Tama American Mantra and Other Rituals
Jose Torres Tama pulls no punches. In his spoken word/ performance art stage shows, Torres Tama has taken on everything from casinos to interpretations of pop culture. His new CD is full of observations on American culture, some his own voice and some enhanced by the electronic trickery of collaborator Billy Atwell.
Torres Tama ruminates on the stereotypes a Latino man must deal with, saying, "I floated in the fragile buoyancy of the immigrant experience." He then switches to a businessman's voice and yells, "I need that A.S.A.P., S.P.I.C." before rapping a verse of taunts between the Sharks and the Jets from the musical West Side Story.
He uses song lyrics, commercial jingles and other pop detritus to connect his experience to the experience of the larger culture. In one piece, Torres Tama riffs that Greg Brady may have been a mulatto trapped in white suburbia. Whether quoting the Talking Heads, interpreting the Dr. Pepper theme song or rewriting the Pledge of Allegiance as a commercial media prayer, he weaves an absorbing spell much like the poet Paul Beatty.
Although much of this type of art is pretentious, Torres Tama never lets you forget that these are spoken word poems, no more, no less. This does not lessen their power, though, because Torres Tama's critique of our culture is provocative and poetic. Pay attention to what he says because the world we live in is a lot closer to Torres Tama's perspective than what one sees on the evening news and listens to on talk radio. -- David Kunian
These Arms Are Snakes
Oxeneers or the Lion Sleeps When Its Antelope Go Home
These Arms Are Snakes' textured hardcore is, if anything, lusty. Probably it's the blurry, sweaty bedroom shots in the album booklet that initially channel this feeling, but once the brain latches on to this idea, the term "orgasmic" seems suddenly apropos for describing the sound of these slithery-armed ruffians. "Tension and release" is another equally apt thought, but though all good music arguably embraces tension and release, much of the Washington, D.C.-inspired hardcore on Oxeneers gets so loud, discordant, droned and (dare I repeat) just plain tense, it sounds like they're playing a musical Thigh-Master.
But, back to "orgasmic" and "lusty." The nice thing about this album is the correlation between the lyrics and the music. The common theme here is the blurred line between love and hate, and how sex complicates the whole equation. For TAAS, the dizzying three-way tug-of-war of those variables results in heavy, intertwining guitars that stew until the lid blows off.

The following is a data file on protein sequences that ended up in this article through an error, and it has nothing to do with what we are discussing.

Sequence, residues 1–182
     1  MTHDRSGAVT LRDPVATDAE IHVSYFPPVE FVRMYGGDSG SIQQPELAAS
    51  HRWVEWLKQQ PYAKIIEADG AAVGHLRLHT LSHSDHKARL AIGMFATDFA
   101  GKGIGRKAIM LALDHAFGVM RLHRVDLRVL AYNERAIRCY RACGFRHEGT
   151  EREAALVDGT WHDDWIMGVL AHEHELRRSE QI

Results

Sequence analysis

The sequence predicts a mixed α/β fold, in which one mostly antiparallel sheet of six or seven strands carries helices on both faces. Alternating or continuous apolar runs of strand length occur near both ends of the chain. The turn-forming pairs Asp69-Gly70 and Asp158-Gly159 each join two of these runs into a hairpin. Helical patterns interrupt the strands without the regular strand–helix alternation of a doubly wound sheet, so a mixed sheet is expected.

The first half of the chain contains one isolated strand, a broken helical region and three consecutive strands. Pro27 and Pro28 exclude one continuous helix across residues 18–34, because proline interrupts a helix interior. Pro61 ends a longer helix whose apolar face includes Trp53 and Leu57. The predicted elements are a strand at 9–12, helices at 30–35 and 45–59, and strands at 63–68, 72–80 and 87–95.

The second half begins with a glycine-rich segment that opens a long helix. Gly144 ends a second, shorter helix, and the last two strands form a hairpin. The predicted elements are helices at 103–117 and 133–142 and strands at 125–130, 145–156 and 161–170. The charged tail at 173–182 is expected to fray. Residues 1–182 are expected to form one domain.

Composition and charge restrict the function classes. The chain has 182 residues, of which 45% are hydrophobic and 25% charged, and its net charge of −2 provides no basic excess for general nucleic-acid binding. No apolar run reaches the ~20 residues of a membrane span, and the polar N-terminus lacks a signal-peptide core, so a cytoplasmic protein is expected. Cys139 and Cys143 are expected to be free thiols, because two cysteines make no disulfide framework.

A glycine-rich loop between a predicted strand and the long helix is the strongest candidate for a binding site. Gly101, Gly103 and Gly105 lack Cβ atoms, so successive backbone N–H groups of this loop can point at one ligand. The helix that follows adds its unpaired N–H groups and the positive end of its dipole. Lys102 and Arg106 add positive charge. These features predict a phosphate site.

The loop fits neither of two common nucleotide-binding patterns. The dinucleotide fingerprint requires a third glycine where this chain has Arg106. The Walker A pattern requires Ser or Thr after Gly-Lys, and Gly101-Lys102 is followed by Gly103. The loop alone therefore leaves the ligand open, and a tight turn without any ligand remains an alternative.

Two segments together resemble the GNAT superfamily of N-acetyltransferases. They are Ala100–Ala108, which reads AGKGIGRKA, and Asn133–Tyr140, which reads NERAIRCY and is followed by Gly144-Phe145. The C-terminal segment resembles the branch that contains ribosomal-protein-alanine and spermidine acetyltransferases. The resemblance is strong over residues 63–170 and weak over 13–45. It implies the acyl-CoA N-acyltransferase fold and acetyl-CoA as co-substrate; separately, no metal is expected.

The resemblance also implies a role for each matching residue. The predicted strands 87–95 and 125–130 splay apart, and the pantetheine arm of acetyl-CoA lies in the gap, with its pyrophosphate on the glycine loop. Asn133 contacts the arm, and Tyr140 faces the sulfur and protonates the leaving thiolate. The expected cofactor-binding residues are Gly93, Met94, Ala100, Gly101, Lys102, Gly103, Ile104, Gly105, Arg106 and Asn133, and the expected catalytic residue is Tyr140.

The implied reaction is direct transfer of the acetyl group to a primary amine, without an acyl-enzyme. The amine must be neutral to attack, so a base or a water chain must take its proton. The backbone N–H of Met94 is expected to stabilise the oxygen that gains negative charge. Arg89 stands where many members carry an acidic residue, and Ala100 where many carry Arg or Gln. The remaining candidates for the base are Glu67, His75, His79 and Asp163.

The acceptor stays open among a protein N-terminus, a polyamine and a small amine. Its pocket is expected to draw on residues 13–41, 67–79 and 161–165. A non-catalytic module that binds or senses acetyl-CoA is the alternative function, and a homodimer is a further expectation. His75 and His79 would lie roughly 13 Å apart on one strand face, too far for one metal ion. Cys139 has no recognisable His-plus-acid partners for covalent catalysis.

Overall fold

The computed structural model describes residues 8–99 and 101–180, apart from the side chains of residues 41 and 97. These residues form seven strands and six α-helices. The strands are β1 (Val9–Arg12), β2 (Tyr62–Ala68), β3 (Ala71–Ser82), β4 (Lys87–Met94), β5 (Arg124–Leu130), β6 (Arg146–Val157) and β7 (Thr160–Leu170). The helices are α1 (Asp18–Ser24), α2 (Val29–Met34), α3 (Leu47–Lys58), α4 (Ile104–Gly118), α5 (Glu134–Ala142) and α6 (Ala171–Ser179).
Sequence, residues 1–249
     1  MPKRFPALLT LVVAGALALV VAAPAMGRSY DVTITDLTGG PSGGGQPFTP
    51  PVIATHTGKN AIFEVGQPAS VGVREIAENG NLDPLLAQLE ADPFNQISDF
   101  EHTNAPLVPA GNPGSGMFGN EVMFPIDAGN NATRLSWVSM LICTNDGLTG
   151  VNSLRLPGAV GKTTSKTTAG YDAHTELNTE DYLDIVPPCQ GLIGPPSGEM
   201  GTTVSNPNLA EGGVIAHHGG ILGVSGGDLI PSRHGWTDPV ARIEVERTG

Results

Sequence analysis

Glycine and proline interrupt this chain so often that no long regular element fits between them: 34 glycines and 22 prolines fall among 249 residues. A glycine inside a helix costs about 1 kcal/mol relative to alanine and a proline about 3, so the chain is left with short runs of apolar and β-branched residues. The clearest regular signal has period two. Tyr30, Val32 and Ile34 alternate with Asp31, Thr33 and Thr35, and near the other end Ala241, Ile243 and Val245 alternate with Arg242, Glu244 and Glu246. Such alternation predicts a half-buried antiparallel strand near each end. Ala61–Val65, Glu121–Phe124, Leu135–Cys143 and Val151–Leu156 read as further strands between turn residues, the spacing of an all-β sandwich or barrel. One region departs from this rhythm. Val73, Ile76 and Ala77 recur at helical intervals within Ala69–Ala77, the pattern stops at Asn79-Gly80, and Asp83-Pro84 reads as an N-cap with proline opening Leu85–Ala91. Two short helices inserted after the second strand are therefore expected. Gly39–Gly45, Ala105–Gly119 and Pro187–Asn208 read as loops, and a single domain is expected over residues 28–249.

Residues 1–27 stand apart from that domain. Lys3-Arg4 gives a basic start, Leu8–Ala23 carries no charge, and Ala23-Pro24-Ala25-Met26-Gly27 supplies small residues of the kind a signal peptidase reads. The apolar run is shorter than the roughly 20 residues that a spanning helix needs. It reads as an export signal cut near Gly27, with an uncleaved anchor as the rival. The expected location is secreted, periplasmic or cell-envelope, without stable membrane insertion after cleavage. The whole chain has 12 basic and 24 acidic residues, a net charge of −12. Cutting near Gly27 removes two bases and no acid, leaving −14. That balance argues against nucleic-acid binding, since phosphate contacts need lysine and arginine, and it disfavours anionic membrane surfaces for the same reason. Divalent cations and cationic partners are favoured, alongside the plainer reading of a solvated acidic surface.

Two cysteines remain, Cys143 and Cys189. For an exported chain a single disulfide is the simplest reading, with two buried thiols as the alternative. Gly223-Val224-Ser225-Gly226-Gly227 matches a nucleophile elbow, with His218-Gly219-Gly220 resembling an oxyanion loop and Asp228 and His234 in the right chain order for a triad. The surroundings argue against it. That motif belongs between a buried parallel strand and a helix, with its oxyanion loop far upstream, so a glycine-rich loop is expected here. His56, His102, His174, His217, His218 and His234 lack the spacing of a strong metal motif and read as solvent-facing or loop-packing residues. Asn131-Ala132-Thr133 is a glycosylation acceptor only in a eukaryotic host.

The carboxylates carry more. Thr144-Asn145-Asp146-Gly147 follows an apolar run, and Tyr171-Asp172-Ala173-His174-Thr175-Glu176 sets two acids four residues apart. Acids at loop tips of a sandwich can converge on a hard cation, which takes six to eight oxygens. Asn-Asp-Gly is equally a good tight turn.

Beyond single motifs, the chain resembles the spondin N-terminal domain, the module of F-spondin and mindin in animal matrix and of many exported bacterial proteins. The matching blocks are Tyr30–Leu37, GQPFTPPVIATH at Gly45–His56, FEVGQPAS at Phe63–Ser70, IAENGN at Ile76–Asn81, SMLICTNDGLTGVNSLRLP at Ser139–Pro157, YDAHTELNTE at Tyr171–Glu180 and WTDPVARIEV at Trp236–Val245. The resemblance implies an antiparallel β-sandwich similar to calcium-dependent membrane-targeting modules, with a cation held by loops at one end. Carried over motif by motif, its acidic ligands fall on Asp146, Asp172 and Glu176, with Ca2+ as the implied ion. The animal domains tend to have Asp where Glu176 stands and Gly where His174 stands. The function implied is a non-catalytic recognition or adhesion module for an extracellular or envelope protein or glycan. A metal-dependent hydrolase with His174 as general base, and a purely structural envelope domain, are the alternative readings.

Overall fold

Yet, the word "relationship" combined with the Jade Tree label (Promise Ring, Pedro the Lion, Jets to Brazil) on this album may have emo-haters crying "Weak!" right off the bat. What's more, this band is formed from ex-members of emo-core band Botch (as well as hardcore band Kill Sadie). But from the first listen it's easy to see that this band has little to do with emo. There are no whiney vocals at all, and there's no connection to pop-punk. Though boy/girl problems are central to the album, they only add an intense sexual undercurrent. -- Rob Bryant
The BlueBrass Project
The Same Pocket, Vol. 1
A musical combination between brass band and bluegrass sounds like it would never work (See "Strings Attached," Aug. 17). However, chefs and producers Chris and Ashley Thibodeaux Jones, formerly of New Orleans and now of Asheville, N.C., cooked up this idea and brought bluegrass musicians Larry Keel, Aaron "Woody" Wood and Jason Krekel to New Orleans to record with local musicians including members of the ReRirth and Dirty Dozen Brass Band. The result is The BlueBrass Project: The Same Pocket Vol. 1.
What makes this succeed is how the instrumentalists work with each other. The brass musicians give the strings the syncopation inherent in the parade beats, especially the way the drums push the banjo in "Just a Closer Walk With Thee." The string instruments fill out behind the brass instruments to add depth while the blunt register of the trombones rounds out the strings' sharpness (in timbre, not tone) as the band flows into the final chorus.
A lusty energy rips out of the standard "Jesus On the Mainline" as the mandolin reinforces the busy rhythms of the snare drum. The enthusiasm of the singers is matched by both the fast twang of the strings and the bounce of the brass. The album shows that different kinds of folk music can be mixed if done with sympathy toward each music's idiosyncrasies. This synthesis of bluegrass and brass music, though daunting in conception, comes off with conviction and soul in the execution. The "Vol. 1" in the title hints at more to come, but until then, The BlueBrass Project: The Same Pocket Vol. 1 is a most satisfying aural concoction. -- Kunian